non-humus

humus

[hyoo-muhs or, often, yoo-]
noun
the dark organic material in soils, produced by the decomposition of vegetable or animal matter and essential to the fertility of the earth.

Origin:
1790–1800; < Latin: earth, ground; akin to Greek chamaí on the ground, chthṓn earth, Sanskrit kṣam-, Lithuanian žẽmė, Serbo-Croatian zèmlja ground, earth; cf. chameleon, chthonian, zemstvo; see Homo

nonhumus, noun
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Collins
World English Dictionary
humus (ˈhjuːməs)
 
n
a dark brown or black colloidal mass of partially decomposed organic matter in the soil. It improves the fertility and water retention of the soil and is therefore important for plant growth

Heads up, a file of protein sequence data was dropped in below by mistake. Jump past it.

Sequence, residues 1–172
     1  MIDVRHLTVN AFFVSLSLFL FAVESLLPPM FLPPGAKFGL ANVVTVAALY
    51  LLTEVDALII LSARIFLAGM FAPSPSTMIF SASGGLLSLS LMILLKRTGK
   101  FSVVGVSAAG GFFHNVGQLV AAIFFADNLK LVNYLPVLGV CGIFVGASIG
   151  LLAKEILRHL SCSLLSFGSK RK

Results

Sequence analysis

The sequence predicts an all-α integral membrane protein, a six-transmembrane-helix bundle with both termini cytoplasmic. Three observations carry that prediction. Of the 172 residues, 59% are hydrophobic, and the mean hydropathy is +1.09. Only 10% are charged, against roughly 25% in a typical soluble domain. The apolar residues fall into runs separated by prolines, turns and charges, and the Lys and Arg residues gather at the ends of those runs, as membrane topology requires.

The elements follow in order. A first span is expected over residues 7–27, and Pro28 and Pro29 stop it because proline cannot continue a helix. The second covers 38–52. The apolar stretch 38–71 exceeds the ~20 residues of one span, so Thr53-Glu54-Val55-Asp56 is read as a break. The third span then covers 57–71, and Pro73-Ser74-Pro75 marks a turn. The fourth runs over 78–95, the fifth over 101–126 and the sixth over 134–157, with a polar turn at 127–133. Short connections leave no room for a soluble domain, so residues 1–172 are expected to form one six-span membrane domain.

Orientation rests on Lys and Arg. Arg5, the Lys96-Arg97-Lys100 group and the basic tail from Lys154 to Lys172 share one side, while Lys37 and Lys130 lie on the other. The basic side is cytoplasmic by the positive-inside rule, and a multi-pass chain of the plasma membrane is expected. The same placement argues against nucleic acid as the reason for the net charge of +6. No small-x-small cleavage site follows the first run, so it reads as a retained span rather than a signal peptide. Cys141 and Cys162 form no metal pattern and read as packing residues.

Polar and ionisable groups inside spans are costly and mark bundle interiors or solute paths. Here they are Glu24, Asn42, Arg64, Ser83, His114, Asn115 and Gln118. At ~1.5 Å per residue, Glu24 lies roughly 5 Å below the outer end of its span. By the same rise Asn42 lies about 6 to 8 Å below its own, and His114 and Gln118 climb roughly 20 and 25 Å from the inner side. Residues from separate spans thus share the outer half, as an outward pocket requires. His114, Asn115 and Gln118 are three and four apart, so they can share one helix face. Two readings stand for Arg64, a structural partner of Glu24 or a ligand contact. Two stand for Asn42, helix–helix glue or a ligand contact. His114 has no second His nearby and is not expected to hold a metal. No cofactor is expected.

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Etymonline
Word Origin & History

humus
1796, from L. humus "earth, soil," probably from humi "on the ground," from PIE *ghom- (cf. Gk. khamai "on the ground," Lith. zeme, O.C.S. zemlja "earth," L. humilis "low").
Online Etymology Dictionary, © 2010 Douglas Harper
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American Heritage
Science Dictionary
humus   (hy'məs)  Pronunciation Key 
A dark-brown or black organic substance made up of decayed plant or animal matter. Humus provides nutrients for plants and increases the ability of soil to retain water.
The American Heritage® Science Dictionary
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